Water cooler moments with Dr Matt Finch

Last Tuesday, 23 October 2012, I had the privilege of participating in three inspiring and entertaining workshops run by Dr Matt Finch.

Dr Matt FinchThe workshops dealt specifically with:

  • Teen blogging
  • Comic book education
  • Television and literacy

I won’t go into details about each, because:

a) my notetaking couldn’t keep up with Dr Finch’s enthusiasm, and

b) these sessions shared the one and same underlying crucial message.

So what is this message?

Reading and writing are not natural.
Literacy is not a birthright, but a political act.

Literacy, according to Dr Finch, is a battleground. Schools have become too concerned with box-ticking at the expense of literacy itself and the curriculum usually reflects the cultural norms of the white middle class community.  (If you’d like to read more about Dr Finch’s educational philosophy, his article ‘Finnish Lessons for Kiwi Schools?’ appeared in the September 2012 print curriculum supplement to the New Zealand Education Gazette.)

In contrast to this, Dr Finch sees public librarianship as profoundly subversive, in that it is

  • egalitarian
  • creative
  • experimental.

Libraries can provide vital “water cooler moments” where real learning, rather than just box-ticking, can take place.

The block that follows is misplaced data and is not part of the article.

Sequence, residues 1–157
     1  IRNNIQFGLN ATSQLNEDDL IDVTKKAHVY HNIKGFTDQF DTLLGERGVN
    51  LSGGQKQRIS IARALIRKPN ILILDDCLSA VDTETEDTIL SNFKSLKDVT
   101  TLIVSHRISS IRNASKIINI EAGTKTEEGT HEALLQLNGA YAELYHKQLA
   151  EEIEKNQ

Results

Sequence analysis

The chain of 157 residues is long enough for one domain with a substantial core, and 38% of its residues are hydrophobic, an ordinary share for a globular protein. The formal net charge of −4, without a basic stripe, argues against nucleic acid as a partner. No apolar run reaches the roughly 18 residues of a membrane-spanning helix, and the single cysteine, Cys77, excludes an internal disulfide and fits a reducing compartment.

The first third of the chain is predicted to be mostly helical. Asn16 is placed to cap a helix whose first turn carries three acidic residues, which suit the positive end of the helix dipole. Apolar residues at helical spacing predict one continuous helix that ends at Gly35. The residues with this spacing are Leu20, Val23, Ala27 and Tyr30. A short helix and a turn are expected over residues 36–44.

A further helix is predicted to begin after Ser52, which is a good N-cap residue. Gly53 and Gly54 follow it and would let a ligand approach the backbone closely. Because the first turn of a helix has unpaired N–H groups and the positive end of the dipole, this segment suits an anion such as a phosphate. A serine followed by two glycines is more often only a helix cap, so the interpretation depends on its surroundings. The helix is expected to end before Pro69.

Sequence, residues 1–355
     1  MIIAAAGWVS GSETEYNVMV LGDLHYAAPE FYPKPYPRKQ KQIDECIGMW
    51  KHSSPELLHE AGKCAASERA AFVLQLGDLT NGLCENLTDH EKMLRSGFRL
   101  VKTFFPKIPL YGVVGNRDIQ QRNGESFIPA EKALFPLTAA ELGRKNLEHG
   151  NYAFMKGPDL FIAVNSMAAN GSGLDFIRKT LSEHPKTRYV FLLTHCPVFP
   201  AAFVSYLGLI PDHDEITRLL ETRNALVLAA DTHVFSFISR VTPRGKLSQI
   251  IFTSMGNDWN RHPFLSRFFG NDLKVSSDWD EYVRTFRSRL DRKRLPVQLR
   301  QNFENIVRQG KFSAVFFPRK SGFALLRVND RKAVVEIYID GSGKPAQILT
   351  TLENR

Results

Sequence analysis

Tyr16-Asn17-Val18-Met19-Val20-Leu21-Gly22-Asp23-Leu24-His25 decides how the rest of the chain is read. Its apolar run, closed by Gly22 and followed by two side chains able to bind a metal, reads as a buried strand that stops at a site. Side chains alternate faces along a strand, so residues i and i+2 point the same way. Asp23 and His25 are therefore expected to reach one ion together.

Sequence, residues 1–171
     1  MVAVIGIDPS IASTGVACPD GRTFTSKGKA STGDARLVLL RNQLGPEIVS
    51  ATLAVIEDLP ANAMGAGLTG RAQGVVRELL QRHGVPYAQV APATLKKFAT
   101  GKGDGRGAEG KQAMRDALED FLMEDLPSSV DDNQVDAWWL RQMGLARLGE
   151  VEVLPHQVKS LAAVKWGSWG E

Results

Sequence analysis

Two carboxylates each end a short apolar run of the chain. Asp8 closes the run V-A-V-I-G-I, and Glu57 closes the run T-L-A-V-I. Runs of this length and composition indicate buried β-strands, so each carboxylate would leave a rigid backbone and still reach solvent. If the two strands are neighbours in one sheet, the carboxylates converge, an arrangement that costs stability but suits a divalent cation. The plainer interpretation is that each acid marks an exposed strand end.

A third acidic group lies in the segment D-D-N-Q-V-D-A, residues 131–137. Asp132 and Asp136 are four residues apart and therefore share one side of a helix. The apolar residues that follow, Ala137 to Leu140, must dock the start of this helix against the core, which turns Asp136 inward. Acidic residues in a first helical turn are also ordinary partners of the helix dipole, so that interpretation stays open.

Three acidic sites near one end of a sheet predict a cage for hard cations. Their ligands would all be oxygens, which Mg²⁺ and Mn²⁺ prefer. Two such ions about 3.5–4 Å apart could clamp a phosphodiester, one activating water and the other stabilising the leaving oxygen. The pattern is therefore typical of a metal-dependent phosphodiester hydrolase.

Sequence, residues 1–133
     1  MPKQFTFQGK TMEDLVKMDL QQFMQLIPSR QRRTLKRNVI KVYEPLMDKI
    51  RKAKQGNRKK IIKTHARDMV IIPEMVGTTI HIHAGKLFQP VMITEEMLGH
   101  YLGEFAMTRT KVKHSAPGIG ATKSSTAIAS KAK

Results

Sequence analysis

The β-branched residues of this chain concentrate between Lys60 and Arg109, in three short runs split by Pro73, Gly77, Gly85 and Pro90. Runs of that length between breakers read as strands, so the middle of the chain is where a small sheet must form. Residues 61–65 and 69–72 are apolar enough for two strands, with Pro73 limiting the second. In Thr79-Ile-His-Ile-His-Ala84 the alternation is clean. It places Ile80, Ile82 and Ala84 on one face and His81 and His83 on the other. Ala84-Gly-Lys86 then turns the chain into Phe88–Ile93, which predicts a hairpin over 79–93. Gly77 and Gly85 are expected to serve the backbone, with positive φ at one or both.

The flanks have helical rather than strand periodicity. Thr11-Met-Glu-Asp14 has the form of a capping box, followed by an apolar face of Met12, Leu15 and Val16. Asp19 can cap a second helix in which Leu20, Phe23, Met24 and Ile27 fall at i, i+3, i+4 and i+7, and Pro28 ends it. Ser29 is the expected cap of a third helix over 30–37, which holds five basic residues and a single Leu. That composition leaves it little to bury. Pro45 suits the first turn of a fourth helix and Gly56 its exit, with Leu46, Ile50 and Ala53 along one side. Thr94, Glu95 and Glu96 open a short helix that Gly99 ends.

To engender these “water cooler moments”, Dr Finch recommends the following approach:

  1. Steal an idea (from pop culture is best)
  2. Tell  a story
  3. Include a practical/sensory element
  4. Lead in to a rich, independent language activity (talking is as important as writing)
  5. Come back together to share
  6. Always make them join the library!
  7. Always make them borrow!

For best results, the activities should be

  • creative
  • subversive
  • and, of course, cheap!

Play then, is the answer. Children are “marinated” from birth in pop culture – all we can do is play the hand we’re dealt with. So, if we agree with Dr Finch’s belief that the “mission of librarians is to improve society through facilitating knowledge creation”, let’s lure the kids in with pop culture, then get them to talk about it or create new stuff.

Did you attend any of these workshops? What message did you take away from them? Have you tried or are you planning to try to engender “water cooler moments” of the type Dr Finch recommends?

P.S. You can follow Dr Finch on his blog Books and Adventures.

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